Published on June 18th, 2014 | by JCDoyle0
MPH #2 – Comic Review
Roscoe is out of prison and out for revenge in the second issue of Mark Millar’s new super hero comic. While he visits Hal, the man who set him up, and uses his new powers to cause confusion and mayhem, his girlfriend is having gang problems of her own. Her yonger brother is associating with the wrong kind and when she steps in she gets a face full of abuse.
After these initial two confrontations Roscoe and Rosa are reunited and Roscoe shares not only his powers but also his plan for what he going to do with them. Baseball, Rosa’s bother, and Chevy, Roscoe’s best friend, aren’t left out and soon they are all on a usually road trip.
Duncan Fegredo gets to show off his talents this month as the scenes change quickly and the story moves from seedy strip clubs to the Indy 500 and on to the heights of New York. There is a lot of detailed back ground work and the characters are treated more like superheroes with exaggerated movements and distorted physical endurance.
The script is better than last month with less awkward exposition. It’s witty and clever and the dialogue feels natural for these characters. The contrast between where Rosa lives in the opening scenes and the condo that Roscoe takes her to maybe obvious but is necessary to illustrate Roscoe’s desires. He wants to get away from his old life and he believes that the acquisition and illusion of wealth is how to escape it. This relates back to the Vision Board idea introduced in the first issue and briefly mentioned again in this issue.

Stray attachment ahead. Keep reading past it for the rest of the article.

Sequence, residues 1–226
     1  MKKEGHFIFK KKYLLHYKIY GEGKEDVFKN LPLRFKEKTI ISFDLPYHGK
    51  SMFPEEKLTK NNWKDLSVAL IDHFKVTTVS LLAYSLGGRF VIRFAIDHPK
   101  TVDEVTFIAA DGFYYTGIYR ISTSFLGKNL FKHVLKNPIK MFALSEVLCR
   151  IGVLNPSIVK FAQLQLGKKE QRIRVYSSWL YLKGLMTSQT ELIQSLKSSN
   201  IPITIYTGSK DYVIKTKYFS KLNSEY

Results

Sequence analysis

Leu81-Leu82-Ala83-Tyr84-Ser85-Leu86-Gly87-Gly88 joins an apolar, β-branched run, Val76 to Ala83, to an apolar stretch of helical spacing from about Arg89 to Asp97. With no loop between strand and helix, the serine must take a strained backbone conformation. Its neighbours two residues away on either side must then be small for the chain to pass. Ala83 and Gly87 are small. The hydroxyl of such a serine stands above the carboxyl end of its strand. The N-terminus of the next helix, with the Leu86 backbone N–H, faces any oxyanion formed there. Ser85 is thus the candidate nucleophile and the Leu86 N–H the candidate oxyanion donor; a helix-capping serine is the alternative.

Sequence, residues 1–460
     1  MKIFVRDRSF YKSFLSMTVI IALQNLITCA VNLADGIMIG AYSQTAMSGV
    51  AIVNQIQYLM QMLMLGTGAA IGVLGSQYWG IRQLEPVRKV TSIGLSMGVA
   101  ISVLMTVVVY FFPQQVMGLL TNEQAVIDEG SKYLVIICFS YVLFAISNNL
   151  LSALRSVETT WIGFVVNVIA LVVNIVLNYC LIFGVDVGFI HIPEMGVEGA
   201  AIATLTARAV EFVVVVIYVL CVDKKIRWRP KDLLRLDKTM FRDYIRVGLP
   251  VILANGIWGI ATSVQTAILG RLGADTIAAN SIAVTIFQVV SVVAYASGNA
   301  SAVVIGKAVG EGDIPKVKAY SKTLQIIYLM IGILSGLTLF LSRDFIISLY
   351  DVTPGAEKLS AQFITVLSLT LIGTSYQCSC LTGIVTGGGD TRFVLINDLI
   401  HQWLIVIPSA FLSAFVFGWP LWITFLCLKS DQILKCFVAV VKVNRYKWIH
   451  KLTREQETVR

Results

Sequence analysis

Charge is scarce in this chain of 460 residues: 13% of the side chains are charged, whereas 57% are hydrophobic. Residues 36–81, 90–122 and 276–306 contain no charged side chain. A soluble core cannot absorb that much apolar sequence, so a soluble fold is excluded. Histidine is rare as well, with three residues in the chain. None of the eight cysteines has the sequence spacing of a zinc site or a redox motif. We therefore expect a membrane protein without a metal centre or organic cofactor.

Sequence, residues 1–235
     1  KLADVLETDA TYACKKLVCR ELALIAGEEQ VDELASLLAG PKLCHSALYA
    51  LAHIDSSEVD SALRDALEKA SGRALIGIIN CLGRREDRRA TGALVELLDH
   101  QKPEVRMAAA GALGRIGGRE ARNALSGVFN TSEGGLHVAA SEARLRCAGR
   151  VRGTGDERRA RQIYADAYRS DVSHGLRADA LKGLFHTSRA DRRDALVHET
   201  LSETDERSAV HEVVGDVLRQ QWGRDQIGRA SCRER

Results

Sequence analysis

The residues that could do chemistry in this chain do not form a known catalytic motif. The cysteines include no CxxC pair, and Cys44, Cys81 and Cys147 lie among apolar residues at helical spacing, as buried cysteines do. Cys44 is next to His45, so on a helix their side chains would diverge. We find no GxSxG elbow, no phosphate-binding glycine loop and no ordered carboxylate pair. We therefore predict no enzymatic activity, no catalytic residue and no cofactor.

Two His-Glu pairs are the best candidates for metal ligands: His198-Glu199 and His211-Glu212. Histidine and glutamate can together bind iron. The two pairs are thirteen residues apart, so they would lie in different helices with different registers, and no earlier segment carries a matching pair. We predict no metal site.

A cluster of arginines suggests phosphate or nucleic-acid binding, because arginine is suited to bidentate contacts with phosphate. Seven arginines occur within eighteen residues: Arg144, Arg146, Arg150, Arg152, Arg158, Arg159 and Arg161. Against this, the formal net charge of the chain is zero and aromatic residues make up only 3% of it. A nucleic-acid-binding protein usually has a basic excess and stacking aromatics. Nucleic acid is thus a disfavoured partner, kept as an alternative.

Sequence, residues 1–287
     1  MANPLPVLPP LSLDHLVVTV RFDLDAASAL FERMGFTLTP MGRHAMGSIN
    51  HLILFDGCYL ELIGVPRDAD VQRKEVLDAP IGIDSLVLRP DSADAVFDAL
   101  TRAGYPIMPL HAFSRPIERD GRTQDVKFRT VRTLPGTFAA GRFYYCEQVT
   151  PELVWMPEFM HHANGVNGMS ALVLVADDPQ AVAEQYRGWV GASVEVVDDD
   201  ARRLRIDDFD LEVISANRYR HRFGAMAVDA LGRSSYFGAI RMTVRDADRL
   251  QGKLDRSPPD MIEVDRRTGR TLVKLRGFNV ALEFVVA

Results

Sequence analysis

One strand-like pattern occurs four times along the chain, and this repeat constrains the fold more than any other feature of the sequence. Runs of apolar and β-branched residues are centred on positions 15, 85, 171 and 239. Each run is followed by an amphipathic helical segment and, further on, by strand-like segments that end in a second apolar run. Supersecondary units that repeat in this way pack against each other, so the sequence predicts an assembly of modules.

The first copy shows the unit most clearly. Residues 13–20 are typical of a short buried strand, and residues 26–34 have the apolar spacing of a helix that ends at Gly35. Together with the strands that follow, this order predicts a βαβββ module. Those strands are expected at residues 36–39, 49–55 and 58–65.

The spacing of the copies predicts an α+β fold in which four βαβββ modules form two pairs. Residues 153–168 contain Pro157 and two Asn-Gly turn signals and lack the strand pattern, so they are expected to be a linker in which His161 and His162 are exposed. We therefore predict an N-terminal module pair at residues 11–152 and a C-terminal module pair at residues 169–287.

Someone once recommended the film Run Lola Run to me by saying “If you have to watch a film about someone running across Berlin for 90 minutes, this is the film to watch”. This comic is a little bit like that, the majority of this issue feels like a super fast road trip across America, stopping to sight see along the way. The main difference is, Lola’s running had purpose and was the driving force behind the story where as Roscoe’s little jaunt does nothing more than get the characters to a new location. Not a lot seems to happen after the first half of the comic which feels like a missed opportunity. The big villains of the piece are again only hinted at during the final pages whereas it may have served better to spend a bit more time with them. However, this comic is still a good little read, sort of like an Elseworld story about the Flash, and you can sense that one of Mark Millar’s signature big fight scenes is just around the corner.
Publisher: Image Comics
Writer: Mark Millar
Artist: Duncan Fegrado